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ResourcesVisa & Immigration LawThailand Immigration LawThai Retirement Visas: Comparing Embassy and Immigration Rules

Thai Retirement Visas: Comparing Embassy and Immigration Rules

Transcript of the above video:

As the title of this video suggests, we are yet again talking about retirement visas. This has been quite a hot topic recently as there have been fundamental changes with respect to the enforcement apparatus associated with Thai Retirement visas especially when it comes to the issue surrounding what I would call bank balances here in the Kingdom etc.

The thing to take away from this video, in my opinion, is the first thing to take away is you need to understand that when you are talking about Thai immigration in the Kingdom of Thailand, versus the Ministry of Foreign Affairs and its various Embassies and Consulates stationed abroad, you are talking about two institutions. I tried to do a video on this discussing better coordination that is occurring between these two institutions but something that needs to be kept in mind, these are two different institutions.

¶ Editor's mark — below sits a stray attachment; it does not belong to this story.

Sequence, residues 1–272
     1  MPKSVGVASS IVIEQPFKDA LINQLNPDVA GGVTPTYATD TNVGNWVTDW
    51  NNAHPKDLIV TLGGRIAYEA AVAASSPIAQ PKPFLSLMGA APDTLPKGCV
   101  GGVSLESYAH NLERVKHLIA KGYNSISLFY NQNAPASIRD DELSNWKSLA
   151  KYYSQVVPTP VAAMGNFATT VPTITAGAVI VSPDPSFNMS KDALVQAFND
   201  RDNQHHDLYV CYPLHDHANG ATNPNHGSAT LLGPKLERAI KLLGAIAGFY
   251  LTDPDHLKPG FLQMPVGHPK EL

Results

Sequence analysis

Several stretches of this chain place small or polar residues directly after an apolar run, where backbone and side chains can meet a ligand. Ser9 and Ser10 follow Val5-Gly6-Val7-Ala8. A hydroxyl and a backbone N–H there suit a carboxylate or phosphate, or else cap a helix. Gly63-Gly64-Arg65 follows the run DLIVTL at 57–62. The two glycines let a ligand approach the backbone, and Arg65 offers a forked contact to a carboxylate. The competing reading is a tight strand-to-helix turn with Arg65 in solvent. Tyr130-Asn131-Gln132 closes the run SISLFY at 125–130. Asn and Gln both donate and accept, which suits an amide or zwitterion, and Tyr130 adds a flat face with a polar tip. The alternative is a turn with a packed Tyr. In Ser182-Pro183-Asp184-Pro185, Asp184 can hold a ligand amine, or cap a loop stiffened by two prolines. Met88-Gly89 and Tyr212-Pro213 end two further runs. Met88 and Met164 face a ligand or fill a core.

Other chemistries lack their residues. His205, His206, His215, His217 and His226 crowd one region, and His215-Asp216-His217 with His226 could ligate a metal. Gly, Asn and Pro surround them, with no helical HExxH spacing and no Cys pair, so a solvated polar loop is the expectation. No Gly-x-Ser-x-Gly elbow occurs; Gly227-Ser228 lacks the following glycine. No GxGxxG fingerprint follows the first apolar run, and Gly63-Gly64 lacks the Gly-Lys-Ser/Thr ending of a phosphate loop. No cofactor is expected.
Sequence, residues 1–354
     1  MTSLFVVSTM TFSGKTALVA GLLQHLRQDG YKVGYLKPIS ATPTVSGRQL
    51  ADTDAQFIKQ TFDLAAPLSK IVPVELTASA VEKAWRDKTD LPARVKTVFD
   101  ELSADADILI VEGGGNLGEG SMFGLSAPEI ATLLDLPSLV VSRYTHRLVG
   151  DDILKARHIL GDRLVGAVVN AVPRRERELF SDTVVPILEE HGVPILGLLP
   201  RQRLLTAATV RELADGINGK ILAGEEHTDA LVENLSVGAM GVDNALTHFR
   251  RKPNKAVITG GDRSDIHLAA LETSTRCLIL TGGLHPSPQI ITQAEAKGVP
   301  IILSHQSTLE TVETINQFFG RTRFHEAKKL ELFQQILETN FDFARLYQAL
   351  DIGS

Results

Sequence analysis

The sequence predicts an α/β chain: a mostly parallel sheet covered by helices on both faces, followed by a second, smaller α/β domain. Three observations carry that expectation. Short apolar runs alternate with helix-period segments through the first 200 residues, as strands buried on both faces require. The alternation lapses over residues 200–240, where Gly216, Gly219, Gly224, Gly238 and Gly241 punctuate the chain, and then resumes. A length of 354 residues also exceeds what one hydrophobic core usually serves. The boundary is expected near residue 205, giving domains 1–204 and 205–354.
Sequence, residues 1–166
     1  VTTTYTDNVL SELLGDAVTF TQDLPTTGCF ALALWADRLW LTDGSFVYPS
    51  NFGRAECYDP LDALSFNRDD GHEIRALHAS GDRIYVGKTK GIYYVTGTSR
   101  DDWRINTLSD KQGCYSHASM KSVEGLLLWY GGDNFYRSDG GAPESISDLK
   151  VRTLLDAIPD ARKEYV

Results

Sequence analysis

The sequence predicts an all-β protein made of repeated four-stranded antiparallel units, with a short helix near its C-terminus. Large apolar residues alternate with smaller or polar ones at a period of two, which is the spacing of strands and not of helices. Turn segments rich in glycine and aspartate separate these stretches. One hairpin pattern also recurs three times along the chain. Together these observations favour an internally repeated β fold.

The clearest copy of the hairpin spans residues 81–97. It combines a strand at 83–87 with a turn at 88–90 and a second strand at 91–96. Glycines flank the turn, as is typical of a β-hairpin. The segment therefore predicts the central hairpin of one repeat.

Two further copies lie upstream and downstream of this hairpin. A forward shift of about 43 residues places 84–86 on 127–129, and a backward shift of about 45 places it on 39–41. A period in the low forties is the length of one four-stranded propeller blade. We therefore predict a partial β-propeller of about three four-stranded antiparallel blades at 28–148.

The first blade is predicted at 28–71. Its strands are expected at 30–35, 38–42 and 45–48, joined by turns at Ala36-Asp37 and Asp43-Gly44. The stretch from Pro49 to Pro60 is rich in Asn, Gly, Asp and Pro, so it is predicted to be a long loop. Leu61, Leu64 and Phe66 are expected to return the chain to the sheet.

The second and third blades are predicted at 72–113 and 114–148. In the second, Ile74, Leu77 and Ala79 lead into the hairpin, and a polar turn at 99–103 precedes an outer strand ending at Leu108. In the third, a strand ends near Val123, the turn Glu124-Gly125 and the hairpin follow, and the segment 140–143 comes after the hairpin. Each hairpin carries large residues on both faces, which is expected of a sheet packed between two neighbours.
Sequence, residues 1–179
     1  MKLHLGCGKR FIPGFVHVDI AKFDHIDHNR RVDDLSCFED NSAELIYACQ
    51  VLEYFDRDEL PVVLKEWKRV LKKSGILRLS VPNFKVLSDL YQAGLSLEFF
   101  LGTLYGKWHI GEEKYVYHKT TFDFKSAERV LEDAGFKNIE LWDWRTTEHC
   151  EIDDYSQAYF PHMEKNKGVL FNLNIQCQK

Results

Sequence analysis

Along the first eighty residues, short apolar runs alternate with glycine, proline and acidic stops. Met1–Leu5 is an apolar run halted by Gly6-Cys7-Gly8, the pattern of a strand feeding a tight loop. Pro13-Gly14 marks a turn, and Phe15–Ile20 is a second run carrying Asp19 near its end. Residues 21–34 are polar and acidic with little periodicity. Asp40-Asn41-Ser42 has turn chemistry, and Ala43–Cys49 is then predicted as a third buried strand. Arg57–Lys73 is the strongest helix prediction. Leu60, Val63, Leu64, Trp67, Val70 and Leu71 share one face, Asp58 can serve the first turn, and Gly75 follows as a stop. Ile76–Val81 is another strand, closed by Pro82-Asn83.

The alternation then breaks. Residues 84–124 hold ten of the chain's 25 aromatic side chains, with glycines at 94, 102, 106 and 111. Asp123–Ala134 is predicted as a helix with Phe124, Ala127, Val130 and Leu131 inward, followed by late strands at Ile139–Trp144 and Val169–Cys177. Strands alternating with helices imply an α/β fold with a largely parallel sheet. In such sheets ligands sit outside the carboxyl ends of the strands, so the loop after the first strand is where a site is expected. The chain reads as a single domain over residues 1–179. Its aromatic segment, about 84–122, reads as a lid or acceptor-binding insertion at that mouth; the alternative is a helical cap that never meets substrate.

Thai immigration here which operates under the auspices of the Ministry of the Interior, they have a different mandate and they also have a different set of policies, a different set of regulations and rules pertaining to how they operate and how they hand out status here in the Kingdom.  Meanwhile the Ministry of Foreign Affairs who primarily operates abroad, they have a different set of mandates, guidelines, rules and regulations pertaining to the issuance of visas. So the first thing to take away from this video is we are talking about two qualitatively different things; Immigration, Ministry of Foreign Affairs. Now that being said, even within the Ministry of Foreign Affairs you have got different posts that have different protocols with respect to issuance of visas at a local level. So some jurisdictions may be able to issue visas for a prolonged period of time. For example in the United States, it is possible to get a one-year retirement visa, whereas in other jurisdictions, it may not be possible to get a one-year retirement Visa, for example a 90-day Visa may be the only option.